...there is a company in Canada that produces a 50ft helical center loaded
antenna for use on ships and for Public Safety AM LP stations. Arlington
County OEM, VA installed one of this self-supporting antennas over about 100
short radials and a 40ft 4" cooper ground rod.
The station operates at 10 watts on 1700AM 7X24.
We get QSL cards from up and down the coast, including Canada. The top hat
consist of six 102" CB whips and a two foot in diameter egg beater...
It is pretty amazing how well the shortened verticals perform.
----- Original Message -----
From: "David Gilbert" <firstname.lastname@example.org>
Sent: Saturday, October 20, 2007 6:12 PM
Subject: Re: [TowerTalk] Top loading HF-6V for 160
> I agree, Terry. If aesthetics aren't a big issue, I'd put as much
> surface area of metal up there as I could. In that vein, larger
> diameter wire is helpful as well.
> For what it may be worth, I have found EZNEC to be surprisingly useful
> for analyzing the effect of a top hat made from wires. Apparently EZNEC
> handles capacitive effects fairly well. I once put an 80m groundplane
> on the flat roof of my house, with the vertical section comprised of 45
> feet of guyed two inch aluminum tubing and a top hat of four sloping
> wires (aluminum guy wire from RS stretched out by nylon twine at the
> ends). Getting the thing erect by myself was quite a chore (hold the
> chuckles) and I only wanted to to it once, so trimming the top hat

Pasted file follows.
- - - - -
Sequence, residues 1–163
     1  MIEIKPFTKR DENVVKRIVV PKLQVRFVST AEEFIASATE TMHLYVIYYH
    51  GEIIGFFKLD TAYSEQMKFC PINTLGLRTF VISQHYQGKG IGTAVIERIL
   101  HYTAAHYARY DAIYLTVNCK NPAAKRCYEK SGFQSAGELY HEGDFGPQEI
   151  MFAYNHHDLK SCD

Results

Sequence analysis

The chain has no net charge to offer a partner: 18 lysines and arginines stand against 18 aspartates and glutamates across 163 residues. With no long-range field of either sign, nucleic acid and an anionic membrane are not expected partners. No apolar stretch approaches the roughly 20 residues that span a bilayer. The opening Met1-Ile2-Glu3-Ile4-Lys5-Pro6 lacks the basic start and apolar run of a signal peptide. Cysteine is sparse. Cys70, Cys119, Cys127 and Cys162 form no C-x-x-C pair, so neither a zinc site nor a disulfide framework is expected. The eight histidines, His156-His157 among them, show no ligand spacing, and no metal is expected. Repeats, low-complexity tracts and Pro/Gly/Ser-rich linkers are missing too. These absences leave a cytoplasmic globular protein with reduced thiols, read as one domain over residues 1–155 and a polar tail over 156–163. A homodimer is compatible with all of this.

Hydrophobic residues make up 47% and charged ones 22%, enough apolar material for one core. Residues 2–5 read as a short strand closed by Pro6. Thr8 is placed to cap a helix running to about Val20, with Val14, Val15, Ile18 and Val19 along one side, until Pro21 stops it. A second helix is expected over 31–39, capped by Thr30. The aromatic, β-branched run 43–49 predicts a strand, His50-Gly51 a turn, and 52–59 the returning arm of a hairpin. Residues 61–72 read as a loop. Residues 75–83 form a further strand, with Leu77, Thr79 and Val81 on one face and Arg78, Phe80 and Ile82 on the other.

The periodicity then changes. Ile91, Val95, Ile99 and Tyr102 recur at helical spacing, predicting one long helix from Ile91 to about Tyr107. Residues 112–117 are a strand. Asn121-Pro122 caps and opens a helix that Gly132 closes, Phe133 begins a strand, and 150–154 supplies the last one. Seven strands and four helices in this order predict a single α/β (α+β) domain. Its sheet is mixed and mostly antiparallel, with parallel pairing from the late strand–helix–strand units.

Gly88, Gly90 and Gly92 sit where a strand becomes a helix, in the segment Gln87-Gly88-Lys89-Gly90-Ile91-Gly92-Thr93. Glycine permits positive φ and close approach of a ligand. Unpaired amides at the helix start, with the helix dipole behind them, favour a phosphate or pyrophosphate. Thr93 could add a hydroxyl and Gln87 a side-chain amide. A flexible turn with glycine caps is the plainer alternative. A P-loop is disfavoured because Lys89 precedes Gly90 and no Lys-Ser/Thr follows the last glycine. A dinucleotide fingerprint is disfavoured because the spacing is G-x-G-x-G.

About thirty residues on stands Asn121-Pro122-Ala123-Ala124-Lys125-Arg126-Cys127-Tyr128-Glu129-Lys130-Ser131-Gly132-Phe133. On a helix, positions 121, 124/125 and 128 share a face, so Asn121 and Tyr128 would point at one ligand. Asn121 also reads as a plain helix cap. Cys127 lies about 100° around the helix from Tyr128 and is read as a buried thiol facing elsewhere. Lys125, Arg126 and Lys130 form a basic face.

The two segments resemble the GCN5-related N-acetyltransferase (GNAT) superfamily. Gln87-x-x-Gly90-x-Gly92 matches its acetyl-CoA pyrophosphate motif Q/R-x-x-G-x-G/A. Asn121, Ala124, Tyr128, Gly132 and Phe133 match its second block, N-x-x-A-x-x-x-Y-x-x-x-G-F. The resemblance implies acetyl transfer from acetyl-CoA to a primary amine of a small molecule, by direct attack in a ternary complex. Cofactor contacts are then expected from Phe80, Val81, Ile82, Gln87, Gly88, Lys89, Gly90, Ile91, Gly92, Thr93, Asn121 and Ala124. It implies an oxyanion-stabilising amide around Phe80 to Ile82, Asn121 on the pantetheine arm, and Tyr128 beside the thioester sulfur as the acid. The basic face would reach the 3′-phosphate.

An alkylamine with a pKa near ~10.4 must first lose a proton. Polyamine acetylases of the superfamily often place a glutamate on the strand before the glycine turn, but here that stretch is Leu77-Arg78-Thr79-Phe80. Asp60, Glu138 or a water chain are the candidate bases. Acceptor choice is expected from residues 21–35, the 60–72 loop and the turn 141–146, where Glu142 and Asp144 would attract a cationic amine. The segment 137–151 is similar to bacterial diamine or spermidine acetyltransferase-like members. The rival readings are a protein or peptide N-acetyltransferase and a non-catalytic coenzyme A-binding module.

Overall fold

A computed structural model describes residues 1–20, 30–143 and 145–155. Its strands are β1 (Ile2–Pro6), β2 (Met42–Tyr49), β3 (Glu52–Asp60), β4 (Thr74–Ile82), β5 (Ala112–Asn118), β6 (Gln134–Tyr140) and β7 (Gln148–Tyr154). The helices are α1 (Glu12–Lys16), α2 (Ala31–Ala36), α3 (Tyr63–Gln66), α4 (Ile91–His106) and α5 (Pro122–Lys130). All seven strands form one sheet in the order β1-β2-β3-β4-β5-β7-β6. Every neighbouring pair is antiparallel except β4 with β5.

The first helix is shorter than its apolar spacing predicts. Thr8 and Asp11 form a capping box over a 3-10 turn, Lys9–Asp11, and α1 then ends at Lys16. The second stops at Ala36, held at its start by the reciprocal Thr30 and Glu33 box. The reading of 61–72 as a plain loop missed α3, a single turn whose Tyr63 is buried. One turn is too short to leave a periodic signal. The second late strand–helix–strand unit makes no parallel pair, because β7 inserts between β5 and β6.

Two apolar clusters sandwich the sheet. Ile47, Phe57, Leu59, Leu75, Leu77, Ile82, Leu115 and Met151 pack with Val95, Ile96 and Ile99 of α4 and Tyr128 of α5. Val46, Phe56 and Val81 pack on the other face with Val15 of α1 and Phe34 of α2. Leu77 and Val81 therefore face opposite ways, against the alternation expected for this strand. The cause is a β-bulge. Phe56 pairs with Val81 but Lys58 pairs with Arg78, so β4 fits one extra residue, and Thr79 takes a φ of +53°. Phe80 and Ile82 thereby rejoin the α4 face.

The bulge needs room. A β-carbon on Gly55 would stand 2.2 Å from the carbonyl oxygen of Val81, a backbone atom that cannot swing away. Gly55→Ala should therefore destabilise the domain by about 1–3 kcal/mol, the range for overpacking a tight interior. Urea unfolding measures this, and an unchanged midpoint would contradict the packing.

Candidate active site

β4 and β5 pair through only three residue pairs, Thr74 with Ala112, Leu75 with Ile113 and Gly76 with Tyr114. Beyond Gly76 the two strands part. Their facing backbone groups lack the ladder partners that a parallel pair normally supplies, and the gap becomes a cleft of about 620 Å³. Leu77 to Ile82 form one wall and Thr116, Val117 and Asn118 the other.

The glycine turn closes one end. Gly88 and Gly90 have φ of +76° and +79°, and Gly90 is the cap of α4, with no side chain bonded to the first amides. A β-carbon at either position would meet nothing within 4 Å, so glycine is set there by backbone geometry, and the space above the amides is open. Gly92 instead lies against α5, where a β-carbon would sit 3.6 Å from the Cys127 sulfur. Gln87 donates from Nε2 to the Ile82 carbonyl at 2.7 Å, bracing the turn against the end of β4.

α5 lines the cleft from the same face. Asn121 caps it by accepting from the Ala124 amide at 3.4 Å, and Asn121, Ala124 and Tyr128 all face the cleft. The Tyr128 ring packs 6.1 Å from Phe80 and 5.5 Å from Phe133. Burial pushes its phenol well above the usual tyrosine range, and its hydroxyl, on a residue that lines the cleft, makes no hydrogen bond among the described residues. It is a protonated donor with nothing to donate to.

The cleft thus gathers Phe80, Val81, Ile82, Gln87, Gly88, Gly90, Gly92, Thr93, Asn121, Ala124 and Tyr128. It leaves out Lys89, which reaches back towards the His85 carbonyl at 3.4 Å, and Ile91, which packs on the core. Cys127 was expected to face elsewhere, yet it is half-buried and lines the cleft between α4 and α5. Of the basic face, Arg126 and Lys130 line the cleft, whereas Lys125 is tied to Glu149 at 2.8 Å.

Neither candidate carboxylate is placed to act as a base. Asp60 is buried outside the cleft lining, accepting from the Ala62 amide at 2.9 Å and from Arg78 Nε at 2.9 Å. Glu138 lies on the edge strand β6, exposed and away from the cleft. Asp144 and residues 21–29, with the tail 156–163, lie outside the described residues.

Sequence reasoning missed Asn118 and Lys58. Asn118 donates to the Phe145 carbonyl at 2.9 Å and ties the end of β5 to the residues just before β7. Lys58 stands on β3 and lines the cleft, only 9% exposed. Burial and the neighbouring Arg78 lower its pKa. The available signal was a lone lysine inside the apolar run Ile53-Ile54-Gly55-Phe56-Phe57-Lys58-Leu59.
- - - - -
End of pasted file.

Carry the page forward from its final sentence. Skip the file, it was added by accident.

> radial wires was something I wanted to avoid. I modeled it ahead of
> time with EZNEC and to my amazement the thing tuned right where I needed
> it to be. I've read here about others who had similar success modeling
> top hats, and I'm sure one or more of us would be willing to help with a
> ball park analysis.
> Dave AB7E
> Terry Conboy wrote:
>> If the top loading wires have to slope down due to a lack of tall
>> supports, it makes sense to use as many wires as possible, so that
>> each one can be shorter (for the same resonant frequency) and thus
>> cancel a smaller portion of the current in the vertical
>> radiator. This assumes that the low support points remain at the
>> same distance from the vertical radiator and that the ends of the top
>> loading wires are supported by insulating extensions.
>> You can also create a spider-web by adding wires horizontally between
>> the ends and/or middles of the top loading wires. This increases the
>> capacitance and allows you to further reduce the extent of the
>> capacity hat and the resulting height of the sloping portion.
>> 73, Terry N6RY
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